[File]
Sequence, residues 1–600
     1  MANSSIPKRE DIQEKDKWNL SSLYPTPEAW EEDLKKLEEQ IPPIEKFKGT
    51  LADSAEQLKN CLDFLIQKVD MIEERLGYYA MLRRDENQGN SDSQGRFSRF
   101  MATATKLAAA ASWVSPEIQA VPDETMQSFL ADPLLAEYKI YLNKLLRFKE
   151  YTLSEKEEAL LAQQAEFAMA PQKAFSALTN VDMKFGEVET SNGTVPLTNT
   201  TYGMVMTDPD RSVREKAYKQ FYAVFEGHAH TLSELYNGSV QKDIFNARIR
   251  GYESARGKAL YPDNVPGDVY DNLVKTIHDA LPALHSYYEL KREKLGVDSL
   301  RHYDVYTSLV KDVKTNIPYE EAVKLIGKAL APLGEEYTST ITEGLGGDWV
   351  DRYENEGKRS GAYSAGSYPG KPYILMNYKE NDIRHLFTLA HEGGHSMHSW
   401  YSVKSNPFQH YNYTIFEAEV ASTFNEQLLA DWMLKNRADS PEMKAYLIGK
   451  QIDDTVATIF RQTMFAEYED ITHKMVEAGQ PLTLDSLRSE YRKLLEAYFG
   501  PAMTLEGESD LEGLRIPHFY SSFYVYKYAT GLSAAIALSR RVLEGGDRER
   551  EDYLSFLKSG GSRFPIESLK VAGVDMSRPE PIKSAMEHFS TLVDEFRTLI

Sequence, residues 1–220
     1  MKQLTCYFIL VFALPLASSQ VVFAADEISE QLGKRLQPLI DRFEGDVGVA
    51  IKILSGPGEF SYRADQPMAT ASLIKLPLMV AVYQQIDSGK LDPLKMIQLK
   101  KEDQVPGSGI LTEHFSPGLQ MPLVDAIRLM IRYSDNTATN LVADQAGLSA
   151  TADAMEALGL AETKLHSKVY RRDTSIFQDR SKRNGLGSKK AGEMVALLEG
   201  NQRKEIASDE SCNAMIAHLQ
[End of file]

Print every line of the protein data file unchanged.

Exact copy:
Sequence, residues 1–600
     1  MANSSIPKRE DIQEKDKWNL SSLYPTPEAW EEDLKKLEEQ IPPIEKFKGT
    51  LADSAEQLKN CLDFLIQKVD MIEERLGYYA MLRRDENQGN SDSQGRFSRF
   101  MATATKLAAA ASWVSPEIQA VPDETMQSFL ADPLLAEYKI YLNKLLRFKE
   151  YTLSEKEEAL LAQQAEFAMA PQKAFSALTN VDMKFGEVET SNGTVPLTNT
   201  TYGMVMTDPD RSVREKAYKQ FYAVFEGHAH TLSELYNGSV QKDIFNARIR
   251  GYESARGKAL YPDNVPGDVY DNLVKTIHDA LPALHSYYEL KREKLGVDSL
   301  RHYDVYTSLV KDVKTNIPYE EAVKLIGKAL APLGEEYTST ITEGLGGDWV
   351  DRYENEGKRS GAYSAGSYPG KPYILMNYKE NDIRHLFTLA HEGGHSMHSW
   401  YSVKSNPFQH YNYTIFEAEV ASTFNEQLLA DWMLKNRADS PEMKAYLIGK
   451  QIDDTVATIF RQTMFAEYED ITHKMVEAGQ PLTLDSLRSE YRKLLEAYFG
   501  PAMTLEGESD LEGLRIPHFY SSFYVYKYAT GLSAAIALSR RVLEGGDRER
   551  EDYLSFLKSG GSRFPIESLK VAGVDMSRPE PIKSAMEHFS TLVDEFRTLI

Sequence, residues 1–220
     1  MKQLTCYFIL VFALPLASSQ VVFAADEISE QLGKRLQPLI DRFEGDVGVA
    51  IKILSGPGEF SYRADQPMAT ASLIKLPLMV AVYQQIDSGK LDPLKMIQLK
   101  KEDQVPGSGI LTEHFSPGLQ MPLVDAIRLM IRYSDNTATN LVADQAGLSA
   151  TADAMEALGL AETKLHSKVY RRDTSIFQDR SKRNGLGSKK AGEMVALLEG
   201  NQRKEIASDE SCNAMIAHLQ